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34 of 40 people found the following review helpful
4.0 out of 5 stars Hot Cities, Cool Cities, May 14, 2005
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This review is from: The City: A Global History (Modern Library Chronicles) (Hardcover)
In this very short volume, Joel Kotkin outlines the 5,000 plus year history of the city and notifies us that what was fundamental to the cities of ancient Sumeria is still the case today: cities - to be successful - must be sacred, safe, and busy.

It seems a truism that a city needs some "socially important myths" to hold together large diverse groups of people. City planners today, according to Kotkin, do not take into account the sacredness of a place. How can they? Can you imagine a city planner calling for a more Christian city? or a more Islamic or Jewish city? or a more multiculural city? In these secular times, the latter is about the only thing they can attempt. But Kotkin considers multiculuralism a form of separatism. I say let the sacredness arise from the cultural ideas and pracitices of the citzens, not from the city planning office.

That a city needs security and a vibrant business community seems a truism so true that I won't belabor the point here.

The most interesting point made in the book concerns the impact of technology - especially telecommunications - on cities. For the first time in history global megacities no longer have the advantage of size and scale. With computers and telecommunications, businesses can now process and transmit information anywhere - the periphery of the urban centers, small towns, to places anywhere in the world. Moreover, businesses can locate anywhere in the world - anywhere they have skilled workers. The urban center is no longer necessary to operate a global business, in fact, it is no longer desirable.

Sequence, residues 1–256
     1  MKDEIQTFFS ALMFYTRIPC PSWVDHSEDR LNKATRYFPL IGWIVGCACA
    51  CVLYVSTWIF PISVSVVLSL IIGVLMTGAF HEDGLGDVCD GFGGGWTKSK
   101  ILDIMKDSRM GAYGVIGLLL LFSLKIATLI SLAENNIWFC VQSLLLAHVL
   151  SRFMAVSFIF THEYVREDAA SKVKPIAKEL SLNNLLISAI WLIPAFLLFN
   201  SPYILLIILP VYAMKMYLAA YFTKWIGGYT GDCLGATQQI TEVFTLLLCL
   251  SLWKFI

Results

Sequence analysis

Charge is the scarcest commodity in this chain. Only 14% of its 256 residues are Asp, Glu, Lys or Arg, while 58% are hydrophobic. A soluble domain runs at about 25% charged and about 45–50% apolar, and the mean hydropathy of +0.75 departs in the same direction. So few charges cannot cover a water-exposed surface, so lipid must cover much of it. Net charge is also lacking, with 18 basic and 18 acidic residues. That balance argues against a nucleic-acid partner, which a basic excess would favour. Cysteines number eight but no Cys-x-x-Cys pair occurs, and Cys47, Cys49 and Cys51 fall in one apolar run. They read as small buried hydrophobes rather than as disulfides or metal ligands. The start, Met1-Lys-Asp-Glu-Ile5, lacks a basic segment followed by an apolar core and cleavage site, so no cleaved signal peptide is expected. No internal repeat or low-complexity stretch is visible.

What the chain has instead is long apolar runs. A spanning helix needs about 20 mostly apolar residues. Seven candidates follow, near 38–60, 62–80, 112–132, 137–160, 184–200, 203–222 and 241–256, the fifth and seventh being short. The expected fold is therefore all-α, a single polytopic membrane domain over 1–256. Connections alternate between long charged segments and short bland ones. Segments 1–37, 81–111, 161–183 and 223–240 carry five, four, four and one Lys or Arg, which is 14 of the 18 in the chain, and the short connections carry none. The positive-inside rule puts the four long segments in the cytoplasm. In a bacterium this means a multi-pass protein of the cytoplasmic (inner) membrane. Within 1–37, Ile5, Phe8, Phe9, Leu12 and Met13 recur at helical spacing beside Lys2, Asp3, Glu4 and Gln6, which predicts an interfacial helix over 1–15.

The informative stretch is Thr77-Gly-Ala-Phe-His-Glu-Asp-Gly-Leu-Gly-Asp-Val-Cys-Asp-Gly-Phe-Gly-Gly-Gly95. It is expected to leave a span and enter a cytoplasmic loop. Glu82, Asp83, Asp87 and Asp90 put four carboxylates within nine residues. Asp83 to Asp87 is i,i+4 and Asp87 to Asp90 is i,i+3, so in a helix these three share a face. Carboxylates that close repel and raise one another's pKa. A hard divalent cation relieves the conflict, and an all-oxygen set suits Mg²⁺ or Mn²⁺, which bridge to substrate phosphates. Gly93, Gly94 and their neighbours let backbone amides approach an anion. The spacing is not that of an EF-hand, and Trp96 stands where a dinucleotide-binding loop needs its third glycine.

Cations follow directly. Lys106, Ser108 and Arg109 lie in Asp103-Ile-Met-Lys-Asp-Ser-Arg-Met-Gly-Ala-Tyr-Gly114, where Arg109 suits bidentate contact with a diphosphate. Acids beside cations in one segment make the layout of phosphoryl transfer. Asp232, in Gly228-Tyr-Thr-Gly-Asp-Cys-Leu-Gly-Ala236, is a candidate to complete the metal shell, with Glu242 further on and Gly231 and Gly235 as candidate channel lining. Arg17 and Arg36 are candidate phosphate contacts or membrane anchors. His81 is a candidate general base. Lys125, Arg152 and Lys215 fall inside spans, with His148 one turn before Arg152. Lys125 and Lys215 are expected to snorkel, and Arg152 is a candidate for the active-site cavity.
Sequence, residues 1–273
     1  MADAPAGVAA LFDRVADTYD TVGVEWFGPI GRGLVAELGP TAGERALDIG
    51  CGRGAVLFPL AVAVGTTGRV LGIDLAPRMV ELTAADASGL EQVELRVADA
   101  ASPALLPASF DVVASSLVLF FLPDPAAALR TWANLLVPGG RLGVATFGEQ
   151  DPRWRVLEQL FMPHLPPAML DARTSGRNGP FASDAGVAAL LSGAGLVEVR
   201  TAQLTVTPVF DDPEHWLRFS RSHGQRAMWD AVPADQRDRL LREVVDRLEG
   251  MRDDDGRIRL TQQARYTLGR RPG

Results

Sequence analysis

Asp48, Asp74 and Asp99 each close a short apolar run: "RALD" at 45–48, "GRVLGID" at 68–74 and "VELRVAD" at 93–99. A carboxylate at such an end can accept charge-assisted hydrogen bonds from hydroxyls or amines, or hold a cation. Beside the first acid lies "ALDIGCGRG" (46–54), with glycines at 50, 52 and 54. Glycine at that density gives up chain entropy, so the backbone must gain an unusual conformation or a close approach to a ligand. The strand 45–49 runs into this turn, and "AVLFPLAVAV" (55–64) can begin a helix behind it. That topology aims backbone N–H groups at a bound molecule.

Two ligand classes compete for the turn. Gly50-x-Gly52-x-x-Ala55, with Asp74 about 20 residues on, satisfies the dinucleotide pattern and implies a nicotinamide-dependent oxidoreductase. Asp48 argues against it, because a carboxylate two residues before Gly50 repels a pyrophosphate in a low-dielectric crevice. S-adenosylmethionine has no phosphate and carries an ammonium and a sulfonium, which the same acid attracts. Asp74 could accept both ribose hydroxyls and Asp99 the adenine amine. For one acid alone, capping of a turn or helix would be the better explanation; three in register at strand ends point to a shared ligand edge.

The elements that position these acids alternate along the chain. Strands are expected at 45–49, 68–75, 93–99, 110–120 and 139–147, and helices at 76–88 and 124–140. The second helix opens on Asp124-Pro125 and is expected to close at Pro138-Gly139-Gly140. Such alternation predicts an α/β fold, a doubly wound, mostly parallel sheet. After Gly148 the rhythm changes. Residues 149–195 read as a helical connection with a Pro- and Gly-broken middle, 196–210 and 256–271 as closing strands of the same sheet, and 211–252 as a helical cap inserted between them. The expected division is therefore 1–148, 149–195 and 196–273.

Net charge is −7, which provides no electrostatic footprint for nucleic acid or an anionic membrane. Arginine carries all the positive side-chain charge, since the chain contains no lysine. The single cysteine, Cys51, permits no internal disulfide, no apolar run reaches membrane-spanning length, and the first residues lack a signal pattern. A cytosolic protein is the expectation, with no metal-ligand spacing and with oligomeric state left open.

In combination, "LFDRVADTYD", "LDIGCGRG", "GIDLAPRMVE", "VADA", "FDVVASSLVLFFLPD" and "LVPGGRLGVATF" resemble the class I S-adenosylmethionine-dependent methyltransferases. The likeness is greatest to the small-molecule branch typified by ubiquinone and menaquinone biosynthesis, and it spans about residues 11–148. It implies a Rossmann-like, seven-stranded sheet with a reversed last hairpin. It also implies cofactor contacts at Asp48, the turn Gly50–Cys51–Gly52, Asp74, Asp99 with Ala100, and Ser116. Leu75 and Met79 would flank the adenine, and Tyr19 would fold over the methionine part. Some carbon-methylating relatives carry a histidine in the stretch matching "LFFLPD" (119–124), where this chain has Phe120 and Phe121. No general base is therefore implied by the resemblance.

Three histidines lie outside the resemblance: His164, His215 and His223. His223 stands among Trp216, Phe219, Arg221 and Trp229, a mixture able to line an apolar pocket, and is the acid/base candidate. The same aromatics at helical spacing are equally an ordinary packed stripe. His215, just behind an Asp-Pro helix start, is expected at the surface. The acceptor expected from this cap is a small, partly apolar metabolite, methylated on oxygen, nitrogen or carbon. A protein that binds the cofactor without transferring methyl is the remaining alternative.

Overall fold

The growth of the urban periphery and small towns as corporate centers has been called the rise of the "telecity." Anyone who has followed real estate prices of areas 30 to 50 miles outside of urban centers over the last 20 years is well aware of this trend. These areas are called "exurbs" and they are attractive to young people who want to start families and businesses. They are characterized by spacious single story industrial and office parks rather than densely packed skyscrapers. They are more affordable and more conducive to growth. A more lively account of the exurbs can be found in David Brooks' "On Paradise Drive." The exurbs are hot.

As corporations are moving their headquarters to the exurbs, megacities are looking for other sources of growth and revenue, and they are looking mainly at tourism and entertainment. San Francisco, New York, Rome, Paris, and London now consider tourism, entertainment, and other cultural activities as their most promising industries. Business and political leaders are promoting these cities as "cool." The goal is to attract artists, bohemians, and other hipsters in order to create new loft spaces, good restaurants, nightclubs, galleries, and museums.

Kotkin is not optimistic about the long-term economic health of cool cities. He calls them "ephemeral" cities, by pointing out that New York's Silicon Alley and San Francisco's Multimedia Gulch quickly died out after the dotcom boom of the 1990's. He also belittles the lifestyles of urban hipsters and cosmopolitans. These "empty-nesters" are nomads with no future prospects. For example, it is estimated that 10 percent of the population of Paris consists of modern-day urban nomads.

Today's demographic trends favor the exurbs and the small towns not only in America, but also in Europe and Japan. This is where young, skilled workers can afford to live and raise families. However, as these hot, new, and growing population centers achieve a certain level of wealth, density, and complexity, they too will become cool.
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